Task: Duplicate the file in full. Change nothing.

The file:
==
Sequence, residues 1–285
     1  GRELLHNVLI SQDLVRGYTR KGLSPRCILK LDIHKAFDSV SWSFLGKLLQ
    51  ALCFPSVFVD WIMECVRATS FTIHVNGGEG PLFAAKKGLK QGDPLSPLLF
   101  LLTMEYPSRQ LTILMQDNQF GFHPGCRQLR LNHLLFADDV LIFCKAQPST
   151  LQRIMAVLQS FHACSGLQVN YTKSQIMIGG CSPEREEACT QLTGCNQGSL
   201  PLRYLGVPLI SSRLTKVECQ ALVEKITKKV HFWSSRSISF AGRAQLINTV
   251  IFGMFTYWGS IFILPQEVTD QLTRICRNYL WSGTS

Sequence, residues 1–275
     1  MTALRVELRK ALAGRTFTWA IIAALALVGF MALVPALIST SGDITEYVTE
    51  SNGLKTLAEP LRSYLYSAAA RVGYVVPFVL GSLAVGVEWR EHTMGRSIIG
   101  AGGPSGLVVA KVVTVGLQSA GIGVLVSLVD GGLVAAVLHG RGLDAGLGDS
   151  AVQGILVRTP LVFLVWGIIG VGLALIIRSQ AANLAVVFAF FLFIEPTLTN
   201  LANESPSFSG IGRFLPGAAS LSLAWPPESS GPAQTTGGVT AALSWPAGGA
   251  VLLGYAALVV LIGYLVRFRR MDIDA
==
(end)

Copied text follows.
Sequence, residues 1–285
     1  GRELLHNVLI SQDLVRGYTR KGLSPRCILK LDIHKAFDSV SWSFLGKLLQ
    51  ALCFPSVFVD WIMECVRATS FTIHVNGGEG PLFAAKKGLK QGDPLSPLLF
   101  LLTMEYPSRQ LTILMQDNQF GFHPGCRQLR LNHLLFADDV LIFCKAQPST
   151  LQRIMAVLQS FHACSGLQVN YTKSQIMIGG CSPEREEACT QLTGCNQGSL
   201  PLRYLGVPLI SSRLTKVECQ ALVEKITKKV HFWSSRSISF AGRAQLINTV
   251  IFGMFTYWGS IFILPQEVTD QLTRICRNYL WSGTS

Sequence, residues 1–275
     1  MTALRVELRK ALAGRTFTWA IIAALALVGF MALVPALIST SGDITEYVTE
    51  SNGLKTLAEP LRSYLYSAAA RVGYVVPFVL GSLAVGVEWR EHTMGRSIIG
   101  AGGPSGLVVA KVVTVGLQSA GIGVLVSLVD GGLVAAVLHG RGLDAGLGDS
   151  AVQGILVRTP LVFLVWGIIG VGLALIIRSQ AANLAVVFAF FLFIEPTLTN
   201  LANESPSFSG IGRFLPGAAS LSLAWPPESS GPAQTTGGVT AALSWPAGGA
   251  VLLGYAALVV LIGYLVRFRR MDIDA